Jose Manuel Barroso, president of the European Commission, said on May 8 that the European Council has called for an approval of project bonds, meaning that a contribution of 230 million euros ($298 million) from the current EU budget would be used to attract funding of up to 4.6 billion euros over the next two years for key infrastructure projects.
Barroso also mentioned that he would like to see a proposal to increase the European Investment Bank's lending capacity by at least 10 billion euros to be approved by the next European Council. Even if the funding Barroso wants is in position, it's doubtful whether it can help solve all of the problems in Europe and France.
With China rebalancing its economy from manufacturing and exports to domestic consumption, France can benefit by cooperating with China. France will need China's investments and its consumer market, Cui says. French exports to China in 2011 totaled $18.68 billion (14.4 billion euros).
Though France's trade deficit with China was around $15.64 billion in 2011, Cui says there was a 3.9-percent year-on-year decrease in the deficit and China is France's fastest growing export market with a growth rate of 28.8 percent last year.
But the positive trade trends didn't stop Hollande during his campaign from claiming China the bane of France's trade deficit. He proposed that the European Union increase its taxes on imports from China.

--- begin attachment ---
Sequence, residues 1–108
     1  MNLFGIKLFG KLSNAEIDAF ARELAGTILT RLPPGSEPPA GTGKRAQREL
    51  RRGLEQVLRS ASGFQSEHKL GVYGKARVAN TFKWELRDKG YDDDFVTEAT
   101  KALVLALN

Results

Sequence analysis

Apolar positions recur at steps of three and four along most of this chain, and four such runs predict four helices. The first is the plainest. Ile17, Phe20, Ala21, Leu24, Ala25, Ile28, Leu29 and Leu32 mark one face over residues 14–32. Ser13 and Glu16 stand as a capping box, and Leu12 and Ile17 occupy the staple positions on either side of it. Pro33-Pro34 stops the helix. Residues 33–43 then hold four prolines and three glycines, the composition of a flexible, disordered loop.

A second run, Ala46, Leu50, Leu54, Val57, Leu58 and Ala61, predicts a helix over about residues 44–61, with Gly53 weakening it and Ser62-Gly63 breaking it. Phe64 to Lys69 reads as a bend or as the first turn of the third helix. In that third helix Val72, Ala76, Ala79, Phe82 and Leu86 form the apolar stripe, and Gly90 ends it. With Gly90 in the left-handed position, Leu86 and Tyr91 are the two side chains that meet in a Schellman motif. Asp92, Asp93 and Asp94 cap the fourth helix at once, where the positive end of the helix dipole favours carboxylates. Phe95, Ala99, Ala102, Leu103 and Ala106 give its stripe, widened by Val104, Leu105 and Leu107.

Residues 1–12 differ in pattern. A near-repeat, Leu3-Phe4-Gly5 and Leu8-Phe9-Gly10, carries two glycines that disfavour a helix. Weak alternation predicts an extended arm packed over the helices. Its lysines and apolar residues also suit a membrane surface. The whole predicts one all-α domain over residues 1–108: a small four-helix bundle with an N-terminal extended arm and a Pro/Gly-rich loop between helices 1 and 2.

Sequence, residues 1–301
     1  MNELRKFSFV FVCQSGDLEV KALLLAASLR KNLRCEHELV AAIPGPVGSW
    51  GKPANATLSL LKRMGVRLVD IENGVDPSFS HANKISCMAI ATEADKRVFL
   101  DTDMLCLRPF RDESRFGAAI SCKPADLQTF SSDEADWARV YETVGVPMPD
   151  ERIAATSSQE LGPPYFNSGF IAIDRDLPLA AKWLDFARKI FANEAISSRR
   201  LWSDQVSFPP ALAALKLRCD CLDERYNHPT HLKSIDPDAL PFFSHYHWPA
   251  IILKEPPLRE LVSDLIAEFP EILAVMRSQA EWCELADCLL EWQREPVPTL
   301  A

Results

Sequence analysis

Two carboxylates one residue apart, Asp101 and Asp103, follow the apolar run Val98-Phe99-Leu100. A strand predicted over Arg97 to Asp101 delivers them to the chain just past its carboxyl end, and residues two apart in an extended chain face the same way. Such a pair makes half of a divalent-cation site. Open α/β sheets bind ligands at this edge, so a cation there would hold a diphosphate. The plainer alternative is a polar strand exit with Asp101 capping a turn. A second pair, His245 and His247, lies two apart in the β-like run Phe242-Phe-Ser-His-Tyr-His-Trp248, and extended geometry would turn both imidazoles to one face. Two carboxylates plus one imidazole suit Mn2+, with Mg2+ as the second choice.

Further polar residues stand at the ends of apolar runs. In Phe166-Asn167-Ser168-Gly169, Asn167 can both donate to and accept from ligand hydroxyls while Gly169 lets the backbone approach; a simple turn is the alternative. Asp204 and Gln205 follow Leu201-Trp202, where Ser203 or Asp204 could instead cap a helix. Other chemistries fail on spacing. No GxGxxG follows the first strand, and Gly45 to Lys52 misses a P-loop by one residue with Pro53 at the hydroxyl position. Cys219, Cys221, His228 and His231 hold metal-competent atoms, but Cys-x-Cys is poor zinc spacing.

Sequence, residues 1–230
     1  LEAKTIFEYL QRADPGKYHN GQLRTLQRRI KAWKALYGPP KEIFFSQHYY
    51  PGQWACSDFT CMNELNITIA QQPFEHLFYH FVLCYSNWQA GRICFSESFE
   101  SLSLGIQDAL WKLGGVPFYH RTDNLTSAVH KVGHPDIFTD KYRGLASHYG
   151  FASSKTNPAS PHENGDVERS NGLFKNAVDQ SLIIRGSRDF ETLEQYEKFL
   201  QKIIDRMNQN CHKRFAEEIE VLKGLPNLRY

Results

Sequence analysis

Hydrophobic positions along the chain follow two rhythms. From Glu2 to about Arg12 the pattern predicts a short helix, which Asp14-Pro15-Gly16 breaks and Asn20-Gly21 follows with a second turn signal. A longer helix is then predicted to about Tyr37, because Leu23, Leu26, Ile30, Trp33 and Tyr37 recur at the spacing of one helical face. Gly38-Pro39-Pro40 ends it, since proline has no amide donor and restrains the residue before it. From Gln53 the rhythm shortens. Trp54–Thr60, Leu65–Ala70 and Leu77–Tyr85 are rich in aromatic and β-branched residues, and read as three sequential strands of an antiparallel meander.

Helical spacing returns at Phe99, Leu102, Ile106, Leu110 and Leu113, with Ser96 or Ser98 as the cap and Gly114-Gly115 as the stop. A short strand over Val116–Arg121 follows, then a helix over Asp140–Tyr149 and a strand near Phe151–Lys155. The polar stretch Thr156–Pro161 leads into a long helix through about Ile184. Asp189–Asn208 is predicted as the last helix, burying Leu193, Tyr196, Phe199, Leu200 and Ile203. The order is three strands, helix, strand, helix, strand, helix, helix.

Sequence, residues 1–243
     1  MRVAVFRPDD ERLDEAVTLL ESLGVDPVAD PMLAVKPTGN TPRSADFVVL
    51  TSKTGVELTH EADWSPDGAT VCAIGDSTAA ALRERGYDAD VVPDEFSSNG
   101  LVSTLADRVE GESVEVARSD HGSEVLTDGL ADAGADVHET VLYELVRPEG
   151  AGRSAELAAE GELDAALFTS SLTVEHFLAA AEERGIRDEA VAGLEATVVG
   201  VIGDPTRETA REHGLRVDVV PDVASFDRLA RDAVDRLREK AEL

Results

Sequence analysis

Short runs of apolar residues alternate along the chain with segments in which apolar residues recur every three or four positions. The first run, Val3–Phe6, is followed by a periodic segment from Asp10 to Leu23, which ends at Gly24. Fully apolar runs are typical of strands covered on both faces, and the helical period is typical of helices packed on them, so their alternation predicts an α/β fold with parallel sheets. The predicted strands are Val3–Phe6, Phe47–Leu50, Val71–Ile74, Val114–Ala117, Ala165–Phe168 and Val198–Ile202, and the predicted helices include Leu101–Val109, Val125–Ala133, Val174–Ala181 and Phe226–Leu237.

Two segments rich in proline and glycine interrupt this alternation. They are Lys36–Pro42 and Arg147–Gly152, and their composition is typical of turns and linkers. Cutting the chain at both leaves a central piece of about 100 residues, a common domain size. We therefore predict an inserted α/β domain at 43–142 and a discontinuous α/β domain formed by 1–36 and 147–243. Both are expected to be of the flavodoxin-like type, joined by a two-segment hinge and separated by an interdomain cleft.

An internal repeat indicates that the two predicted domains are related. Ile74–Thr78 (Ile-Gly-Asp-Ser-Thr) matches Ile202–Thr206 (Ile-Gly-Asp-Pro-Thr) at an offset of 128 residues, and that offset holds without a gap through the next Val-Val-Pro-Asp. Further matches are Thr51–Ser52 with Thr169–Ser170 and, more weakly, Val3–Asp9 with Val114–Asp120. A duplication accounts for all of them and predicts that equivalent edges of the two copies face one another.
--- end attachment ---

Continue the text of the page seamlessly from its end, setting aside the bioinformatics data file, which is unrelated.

Experts, however, do not see the tough talk as a dangerous sign of possible changes in bilateral relations between China and France, but instead as token gestures from Hollande's Socialist stance.
Compared with Sarkozy, Hollande's Socialist identity pivots his foreign policies around protectionism, which could trigger trade conflicts in the short term, says Feng Zhongping, director of the Institute of European Studies at the China Institutes of Contemporary International Relations.
Feng says a smooth transfer from Sarkozy's rightwing stance to Hollande's center-left position may be too much to ask in the short term due to Hollande's lack of experience in diplomacy.
"He hasn't been to China before and it will take some time for him to work out clear foreign policies toward China and the Chinese government also needs to adapt to his governing style. So a short run-in period may not be avoidable," Feng says.
But in the long run, Hollande will likely not make abrupt decisions to damage bilateral relations between the two sides.
"He has a calm and practical personality. He will ponder every decision he makes," Feng says.
Positive signals have already been seen after Hollande chose to meet Kong Quan, the Chinese ambassador to France, on May 7 before meeting with any other ambassador.
According to Xinhua News Agency, the French president-elect vowed to further Sino-French cooperation and said France recognizes China's important influence over international politics and economy. He said he would like to see ties develop in a friendly and cooperative manner.
But the strengthening of Sino-French ties is not only about how France needs China's support.
For David Gosset, director of the Academia Sinica Europaea at China Europe International Business School (CEIBS), Shanghai, Beijing & Accra; and founder of the Euro-China Forum, countries such as China and the United States, which is facing a crucial election year, will also rely on Hollande to work out a better way to solve the European debt crisis and maintain a steady global economic outlook.
Gosset says that up until now the austerity measures have not really worked. "Something needs to be tried, and he is able to push for this new momentum. The good news for Hollande and the EU is that both the US and China want to see a success in the eurozone," he says.
(China Daily 05/11/2012 page3)